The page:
Japan’s current account surplus grew more than six-fold in 2015 from the previous year to 16.64 trillion yen ($142 billion), boosted by a plunge in crude oil imports and a travel surplus amid the yen’s depreciation, government data showed Monday.
Goods trade registered a deficit of 643.4 billion yen, sharply down from the deficit of 10.40 trillion yen in 2014, thanks to plunges in crude oil prices that helped improve the trade balance despite slow growth in exports.
The current account surplus, one of the widest gauges of international trade, grew for the first time in five years, as imports dived 10.3 percent to 75.82 trillion yen, while exports rose 1.5 percent to 75.18 trillion yen, the Finance Ministry said in a preliminary report.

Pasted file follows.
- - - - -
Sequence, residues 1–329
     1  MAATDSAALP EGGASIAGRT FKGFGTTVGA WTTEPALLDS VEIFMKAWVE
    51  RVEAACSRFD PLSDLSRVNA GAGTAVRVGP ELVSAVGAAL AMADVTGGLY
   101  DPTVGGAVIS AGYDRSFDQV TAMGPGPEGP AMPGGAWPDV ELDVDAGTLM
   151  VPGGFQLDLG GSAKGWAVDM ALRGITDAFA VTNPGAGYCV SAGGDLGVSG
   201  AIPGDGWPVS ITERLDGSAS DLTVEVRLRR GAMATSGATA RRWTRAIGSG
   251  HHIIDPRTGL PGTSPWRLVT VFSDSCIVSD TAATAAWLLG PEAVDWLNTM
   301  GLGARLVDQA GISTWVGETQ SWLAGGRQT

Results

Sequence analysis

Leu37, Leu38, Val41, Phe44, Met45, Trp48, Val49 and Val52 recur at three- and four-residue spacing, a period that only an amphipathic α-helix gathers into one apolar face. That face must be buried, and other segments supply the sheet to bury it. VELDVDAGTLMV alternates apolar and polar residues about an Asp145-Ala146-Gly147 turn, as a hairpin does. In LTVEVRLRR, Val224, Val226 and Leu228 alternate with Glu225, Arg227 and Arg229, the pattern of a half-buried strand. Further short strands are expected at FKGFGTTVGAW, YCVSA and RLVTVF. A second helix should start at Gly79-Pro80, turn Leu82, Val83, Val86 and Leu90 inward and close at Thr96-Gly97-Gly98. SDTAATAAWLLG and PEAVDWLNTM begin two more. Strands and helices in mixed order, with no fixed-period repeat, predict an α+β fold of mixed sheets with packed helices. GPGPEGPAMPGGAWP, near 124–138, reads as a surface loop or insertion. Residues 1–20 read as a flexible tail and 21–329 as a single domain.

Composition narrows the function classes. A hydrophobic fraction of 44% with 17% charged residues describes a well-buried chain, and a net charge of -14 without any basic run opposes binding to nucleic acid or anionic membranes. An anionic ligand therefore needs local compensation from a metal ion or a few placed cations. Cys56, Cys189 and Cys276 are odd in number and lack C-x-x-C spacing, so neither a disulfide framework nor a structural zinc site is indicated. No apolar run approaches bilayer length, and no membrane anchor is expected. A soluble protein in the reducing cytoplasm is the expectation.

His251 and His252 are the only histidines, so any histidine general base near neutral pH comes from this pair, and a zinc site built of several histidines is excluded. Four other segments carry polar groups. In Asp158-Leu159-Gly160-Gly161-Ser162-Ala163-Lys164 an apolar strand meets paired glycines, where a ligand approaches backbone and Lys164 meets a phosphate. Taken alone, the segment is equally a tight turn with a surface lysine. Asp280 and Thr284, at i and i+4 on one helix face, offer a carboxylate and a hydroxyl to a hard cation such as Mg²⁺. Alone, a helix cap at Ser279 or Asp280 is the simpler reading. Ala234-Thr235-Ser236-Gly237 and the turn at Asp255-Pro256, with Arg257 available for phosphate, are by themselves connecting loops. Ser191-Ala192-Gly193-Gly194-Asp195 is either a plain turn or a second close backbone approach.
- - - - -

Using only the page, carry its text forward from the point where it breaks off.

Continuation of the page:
Japan has been relying heavily on energy imports since the March 2011 Fukushima nuclear disaster, with most of the country’s commercial reactors remaining offline amid heightened public concern about their safety.
The value of crude oil imports slid 41.0 percent as average oil prices almost halved to $55.00 per barrel in 2015. The value of liquefied natural gas imports dropped 29.5 percent.